Finances, 401(K)'s and investment strategies are likely the first things to come to mind when many working-age adults think about retirement. But a new survey finds retirees think first about a different subject.
Finances, 401(K)’s and investment strategies are likely the first things to come to mind when many working-age adults think about retirement. But a new survey finds retirees think first about a different subject: Health.
The survey, from Merrill Lynch and the research and consulting firm Age Wave, found 81% of retirees list health as the most important ingredient to a happy retirement.
Financial health comes in second, followed by having a loving family and friends, and having purpose in life.
“For many, health can be the difference between a retirement of opportunity and independence or one of worry and financial challenges,” said Andy Sieg, head of global wealth and retirement solutions at Bank of America Merrill Lynch, in a press release announcing the survey results.
However, Sieg noted that “health” and “finances” are not 2 discrete categories.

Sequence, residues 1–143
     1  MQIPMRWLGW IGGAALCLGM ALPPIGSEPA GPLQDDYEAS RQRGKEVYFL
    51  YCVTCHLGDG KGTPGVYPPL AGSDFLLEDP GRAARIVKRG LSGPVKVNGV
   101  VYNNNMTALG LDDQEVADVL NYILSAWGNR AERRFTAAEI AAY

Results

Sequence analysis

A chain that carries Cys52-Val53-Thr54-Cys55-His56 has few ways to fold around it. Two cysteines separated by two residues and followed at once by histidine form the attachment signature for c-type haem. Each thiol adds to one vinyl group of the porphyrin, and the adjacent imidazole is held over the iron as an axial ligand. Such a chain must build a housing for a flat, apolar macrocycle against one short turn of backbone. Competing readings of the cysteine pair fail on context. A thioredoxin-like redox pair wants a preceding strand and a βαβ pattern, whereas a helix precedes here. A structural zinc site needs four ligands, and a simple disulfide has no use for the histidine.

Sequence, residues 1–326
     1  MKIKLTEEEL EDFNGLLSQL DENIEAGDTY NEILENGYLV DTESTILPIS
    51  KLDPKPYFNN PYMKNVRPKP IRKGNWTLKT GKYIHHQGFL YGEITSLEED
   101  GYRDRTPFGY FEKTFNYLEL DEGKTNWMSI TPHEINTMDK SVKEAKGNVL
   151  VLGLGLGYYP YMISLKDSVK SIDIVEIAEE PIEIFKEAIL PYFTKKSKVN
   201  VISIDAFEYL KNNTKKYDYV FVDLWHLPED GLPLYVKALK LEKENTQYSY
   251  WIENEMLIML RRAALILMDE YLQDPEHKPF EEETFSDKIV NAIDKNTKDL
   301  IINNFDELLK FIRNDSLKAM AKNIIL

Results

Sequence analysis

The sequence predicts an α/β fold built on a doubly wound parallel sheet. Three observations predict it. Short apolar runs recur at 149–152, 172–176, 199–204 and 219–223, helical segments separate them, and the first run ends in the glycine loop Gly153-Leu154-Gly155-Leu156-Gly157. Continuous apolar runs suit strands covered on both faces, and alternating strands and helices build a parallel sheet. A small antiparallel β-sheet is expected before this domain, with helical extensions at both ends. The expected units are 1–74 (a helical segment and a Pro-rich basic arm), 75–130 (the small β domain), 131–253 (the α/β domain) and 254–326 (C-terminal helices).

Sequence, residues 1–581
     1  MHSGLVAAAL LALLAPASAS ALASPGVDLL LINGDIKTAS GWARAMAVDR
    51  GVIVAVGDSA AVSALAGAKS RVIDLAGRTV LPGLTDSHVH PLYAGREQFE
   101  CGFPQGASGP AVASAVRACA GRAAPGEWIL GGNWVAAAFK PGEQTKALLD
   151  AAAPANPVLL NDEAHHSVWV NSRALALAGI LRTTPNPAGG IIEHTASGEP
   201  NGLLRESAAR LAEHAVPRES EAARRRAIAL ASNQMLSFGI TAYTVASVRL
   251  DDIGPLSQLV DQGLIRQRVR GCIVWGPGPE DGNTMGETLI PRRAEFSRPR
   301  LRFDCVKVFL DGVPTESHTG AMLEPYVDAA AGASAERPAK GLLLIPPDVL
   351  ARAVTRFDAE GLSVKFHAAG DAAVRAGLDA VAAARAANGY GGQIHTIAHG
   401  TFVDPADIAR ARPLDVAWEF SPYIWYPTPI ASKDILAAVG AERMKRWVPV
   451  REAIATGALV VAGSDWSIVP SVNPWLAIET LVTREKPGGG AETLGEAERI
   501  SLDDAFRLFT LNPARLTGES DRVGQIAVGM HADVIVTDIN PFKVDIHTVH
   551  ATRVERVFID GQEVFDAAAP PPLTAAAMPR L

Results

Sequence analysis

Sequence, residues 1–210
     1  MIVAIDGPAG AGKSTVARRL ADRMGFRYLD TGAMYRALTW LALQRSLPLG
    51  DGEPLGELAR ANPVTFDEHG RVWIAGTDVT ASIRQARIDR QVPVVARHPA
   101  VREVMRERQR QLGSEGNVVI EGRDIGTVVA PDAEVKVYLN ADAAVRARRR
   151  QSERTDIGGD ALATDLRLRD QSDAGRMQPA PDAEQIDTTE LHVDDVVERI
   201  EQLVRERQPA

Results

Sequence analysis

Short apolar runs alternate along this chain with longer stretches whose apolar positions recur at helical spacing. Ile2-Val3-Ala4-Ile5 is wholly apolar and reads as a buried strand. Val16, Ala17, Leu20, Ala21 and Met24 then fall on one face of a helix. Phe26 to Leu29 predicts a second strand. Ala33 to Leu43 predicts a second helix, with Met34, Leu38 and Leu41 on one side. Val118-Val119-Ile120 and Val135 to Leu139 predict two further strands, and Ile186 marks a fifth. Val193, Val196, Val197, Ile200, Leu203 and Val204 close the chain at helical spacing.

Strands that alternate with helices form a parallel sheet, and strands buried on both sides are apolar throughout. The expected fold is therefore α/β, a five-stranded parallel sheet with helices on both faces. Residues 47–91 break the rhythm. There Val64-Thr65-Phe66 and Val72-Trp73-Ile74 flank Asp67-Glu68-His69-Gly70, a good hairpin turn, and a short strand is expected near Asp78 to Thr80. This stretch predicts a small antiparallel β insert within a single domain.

“This research makes clear that the convergence of health and wealth should be factored into planning later in life,” he said.
The survey suggests that most people agree. However, that doesn’t necessarily translate into prudent planning. When Merrill surveyed American pre-retirees (those age 50 and above), they found healthcare costs topped the list of financial concerns. However, 70% of those surveyed hadn’t actually discussed how much they need to save to pay for healthcare during retirement.
One in 6 pre-retirees hadn’t attempted to forecast their retirement healthcare costs, with many saying the information available to them regarding cost forecasting is overwhelming, confusing or frustrating.
“Between unpredictable and costly healthcare expenses and unexpected early retirement due to health problems, planning ahead can be confusing and overwhelming,” said David Tyrie, head of retirement and personal wealth solutions at the bank. “People are increasingly seeking guidance to help them make informed decisions, for themselves and their families.
Medicare was another source of confusion. Only 7% of people ages 55 to 64 say they have a strong grasp of Medicare coverage options. Only 19% of current Medicare recipients said they have a sufficient understanding of the program.
The complete study can be viewed here.